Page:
Many patients who are treated with radiotherapy for head and neck cancers end up with long-term lifelong swallowing problems afterwards because the swallow muscles are very close to the tumour and can be damaged by radiation. We chose to investigate this by seeing if a form of radiotherapy where dose to the pharyngeal muscles can be reduced would improve swallowing function by reducing the degree of damage to the radiation muscles.
So we undertook a randomised controlled trial of patients with advanced head and neck cancer, mostly oropharyngeal cancers. Patients were randomly assigned either to receive standard IMRT treatment or to receive the test arm of dysphagia optimised IMRT which is called DOopt-IMRT in this trial presentation.
We randomised 112 patients in the trial. The primary endpoints were the MDADI which is a patient reported scoring system of swallowing function. We determined that patients who had the dysphagia optimised IMRT technique had a better swallow function after treatment and the MDADI difference was about 7.5 points.
In addition to that primary endpoint, which was significant with a p-value of 0.03, we looked at patient reported outcomes. We found that patients who were treated with the dysphagia optimised IMRT technique reported that nearly 40% of patients who received the dysphagia optimised IMRT recovered a swallow back to normal again after radiotherapy. That compared to only 15% of patients who were treated with the standard IMRT so an improvement in return to normal swallow of 25% which is a very large difference.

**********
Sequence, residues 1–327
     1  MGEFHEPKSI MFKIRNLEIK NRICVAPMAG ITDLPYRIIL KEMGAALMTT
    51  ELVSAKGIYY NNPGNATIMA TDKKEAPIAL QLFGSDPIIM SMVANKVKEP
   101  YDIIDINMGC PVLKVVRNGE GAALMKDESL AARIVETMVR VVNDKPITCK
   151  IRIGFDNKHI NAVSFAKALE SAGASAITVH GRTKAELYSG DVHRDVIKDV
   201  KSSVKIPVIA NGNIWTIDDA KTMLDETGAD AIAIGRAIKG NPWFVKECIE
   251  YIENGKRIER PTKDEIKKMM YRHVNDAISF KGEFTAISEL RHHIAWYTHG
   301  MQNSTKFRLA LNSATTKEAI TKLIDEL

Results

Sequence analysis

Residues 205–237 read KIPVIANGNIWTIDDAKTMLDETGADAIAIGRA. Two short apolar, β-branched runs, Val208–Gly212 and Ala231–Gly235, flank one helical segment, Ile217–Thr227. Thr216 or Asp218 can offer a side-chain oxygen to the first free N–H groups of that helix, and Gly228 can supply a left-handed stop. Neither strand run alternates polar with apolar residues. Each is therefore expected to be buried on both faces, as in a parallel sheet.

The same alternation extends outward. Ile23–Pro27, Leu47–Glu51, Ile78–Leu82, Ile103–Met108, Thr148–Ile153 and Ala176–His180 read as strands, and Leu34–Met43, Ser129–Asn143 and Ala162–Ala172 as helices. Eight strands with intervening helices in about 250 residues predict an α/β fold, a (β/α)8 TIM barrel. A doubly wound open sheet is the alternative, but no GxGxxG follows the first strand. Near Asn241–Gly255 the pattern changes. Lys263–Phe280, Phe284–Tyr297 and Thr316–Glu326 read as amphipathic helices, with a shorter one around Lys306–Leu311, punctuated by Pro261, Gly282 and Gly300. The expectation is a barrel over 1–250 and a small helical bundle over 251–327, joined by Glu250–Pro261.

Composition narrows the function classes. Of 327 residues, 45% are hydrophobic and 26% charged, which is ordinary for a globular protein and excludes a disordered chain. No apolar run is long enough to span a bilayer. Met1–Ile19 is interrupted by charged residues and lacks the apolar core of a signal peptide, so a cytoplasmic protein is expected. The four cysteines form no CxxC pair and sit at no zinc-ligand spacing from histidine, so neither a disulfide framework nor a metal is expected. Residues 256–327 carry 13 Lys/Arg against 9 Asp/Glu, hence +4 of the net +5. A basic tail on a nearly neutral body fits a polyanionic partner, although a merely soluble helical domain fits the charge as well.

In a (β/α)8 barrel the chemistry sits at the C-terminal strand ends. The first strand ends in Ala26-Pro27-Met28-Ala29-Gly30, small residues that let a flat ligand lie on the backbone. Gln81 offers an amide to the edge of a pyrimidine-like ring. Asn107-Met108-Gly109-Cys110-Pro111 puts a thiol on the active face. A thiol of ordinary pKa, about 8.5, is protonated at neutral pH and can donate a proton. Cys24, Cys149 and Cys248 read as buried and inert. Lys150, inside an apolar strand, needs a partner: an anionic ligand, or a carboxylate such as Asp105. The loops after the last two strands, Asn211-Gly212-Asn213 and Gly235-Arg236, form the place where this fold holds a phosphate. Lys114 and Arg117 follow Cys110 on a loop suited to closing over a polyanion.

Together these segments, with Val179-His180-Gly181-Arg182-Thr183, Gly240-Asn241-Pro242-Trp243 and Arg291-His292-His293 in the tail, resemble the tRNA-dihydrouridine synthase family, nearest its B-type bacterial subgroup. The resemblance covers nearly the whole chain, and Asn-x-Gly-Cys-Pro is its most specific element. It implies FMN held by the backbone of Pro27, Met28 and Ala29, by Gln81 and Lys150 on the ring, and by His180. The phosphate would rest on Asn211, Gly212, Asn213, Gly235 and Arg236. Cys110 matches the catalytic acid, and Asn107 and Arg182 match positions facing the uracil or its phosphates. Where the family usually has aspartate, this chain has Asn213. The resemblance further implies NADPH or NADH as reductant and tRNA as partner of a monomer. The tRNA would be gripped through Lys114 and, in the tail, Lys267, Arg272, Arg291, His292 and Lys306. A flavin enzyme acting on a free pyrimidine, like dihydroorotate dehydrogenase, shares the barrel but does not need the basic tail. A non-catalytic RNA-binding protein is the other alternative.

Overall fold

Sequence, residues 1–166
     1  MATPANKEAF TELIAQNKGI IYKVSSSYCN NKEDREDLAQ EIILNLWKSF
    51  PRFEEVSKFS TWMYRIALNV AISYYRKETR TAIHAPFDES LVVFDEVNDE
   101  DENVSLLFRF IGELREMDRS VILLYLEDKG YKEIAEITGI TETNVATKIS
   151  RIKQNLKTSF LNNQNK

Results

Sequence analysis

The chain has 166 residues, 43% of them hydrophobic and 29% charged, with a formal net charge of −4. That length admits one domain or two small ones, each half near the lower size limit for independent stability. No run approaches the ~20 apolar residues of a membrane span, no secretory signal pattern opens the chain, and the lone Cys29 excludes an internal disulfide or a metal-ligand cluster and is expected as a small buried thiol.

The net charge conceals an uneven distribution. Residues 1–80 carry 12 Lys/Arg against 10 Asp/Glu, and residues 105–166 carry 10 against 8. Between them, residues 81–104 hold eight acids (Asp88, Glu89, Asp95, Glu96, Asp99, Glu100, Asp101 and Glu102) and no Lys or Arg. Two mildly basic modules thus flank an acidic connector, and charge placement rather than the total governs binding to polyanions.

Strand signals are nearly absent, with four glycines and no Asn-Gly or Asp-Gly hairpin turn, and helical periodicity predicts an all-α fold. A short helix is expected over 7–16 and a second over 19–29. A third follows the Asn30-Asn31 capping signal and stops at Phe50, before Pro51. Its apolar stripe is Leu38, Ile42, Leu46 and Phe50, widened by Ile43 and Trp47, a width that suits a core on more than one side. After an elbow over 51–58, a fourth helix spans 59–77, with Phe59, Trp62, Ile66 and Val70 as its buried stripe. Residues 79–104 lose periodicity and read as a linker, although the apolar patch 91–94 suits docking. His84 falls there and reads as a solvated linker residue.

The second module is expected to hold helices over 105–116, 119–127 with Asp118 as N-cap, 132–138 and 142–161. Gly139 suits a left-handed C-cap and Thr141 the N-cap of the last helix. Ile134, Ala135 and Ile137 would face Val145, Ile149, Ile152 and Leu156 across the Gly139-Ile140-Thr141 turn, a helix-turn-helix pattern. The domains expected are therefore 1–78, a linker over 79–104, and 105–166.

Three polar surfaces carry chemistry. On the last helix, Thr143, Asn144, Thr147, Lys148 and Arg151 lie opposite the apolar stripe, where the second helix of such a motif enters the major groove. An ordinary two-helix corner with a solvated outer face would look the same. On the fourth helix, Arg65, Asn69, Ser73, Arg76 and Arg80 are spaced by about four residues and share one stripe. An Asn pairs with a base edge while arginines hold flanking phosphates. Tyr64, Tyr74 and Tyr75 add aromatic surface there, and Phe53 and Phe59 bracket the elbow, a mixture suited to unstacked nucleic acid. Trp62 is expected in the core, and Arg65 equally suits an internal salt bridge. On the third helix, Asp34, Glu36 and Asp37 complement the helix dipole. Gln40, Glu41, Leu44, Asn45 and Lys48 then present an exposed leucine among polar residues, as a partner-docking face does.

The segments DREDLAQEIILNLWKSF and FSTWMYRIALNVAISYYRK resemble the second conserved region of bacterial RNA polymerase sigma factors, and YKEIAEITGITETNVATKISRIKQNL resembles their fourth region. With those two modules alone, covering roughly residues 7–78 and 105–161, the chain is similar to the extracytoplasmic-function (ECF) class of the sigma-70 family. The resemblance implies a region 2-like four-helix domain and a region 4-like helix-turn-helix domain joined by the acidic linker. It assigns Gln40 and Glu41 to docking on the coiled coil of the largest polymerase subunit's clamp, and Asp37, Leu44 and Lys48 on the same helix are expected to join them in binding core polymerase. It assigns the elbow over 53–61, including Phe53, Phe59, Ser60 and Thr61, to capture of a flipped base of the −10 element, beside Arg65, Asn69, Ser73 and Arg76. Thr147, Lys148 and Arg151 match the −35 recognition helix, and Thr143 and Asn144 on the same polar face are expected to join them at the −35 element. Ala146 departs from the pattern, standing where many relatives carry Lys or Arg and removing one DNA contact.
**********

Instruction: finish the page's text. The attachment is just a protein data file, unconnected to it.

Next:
So this represents the first randomised trial that has looked at IMRT specifically to improve swallow function in head and neck patients. We think this trial is widely applicable to the majority of patients who have throat cancers who are treated with radiotherapy. We think that this will be a long-term benefit for patients and will lead to years’ equivalent of improved swallowing for patients after treatment.
Is this a simple procedure?
The technical aspects of delivering this complex form of IMRT are quite a challenge. The muscles of swallowing are not something which are routinely imaged and included in radiotherapy treatment planning. So there is a step change required for both the radiation oncologists who have to learn the anatomical position of these muscles, how to identify where they are on a CT scan and use those as an avoidance structure for radiotherapy. The medical physicists also will need to take longer to identify the radiation dose to these muscles and try really quite hard to reduce the dose to those areas because they’re very close to the tumour.
One of the things we did look at in the study and in any radiation trial where you’re reducing the volume of area receiving high dose there is always a concern that one might end up under-dosing parts of the tumour and that might lead to tumour recurrences. We didn’t demonstrate that in the trial, the numbers of patients who did recur was very low altogether and between the two arms of the randomisation within the trial they were very comparable. So it’s more work for the clinician, it’s more work for the radiation physicists but we think this translates to years, maybe decades, of improved swallow for each patient treated.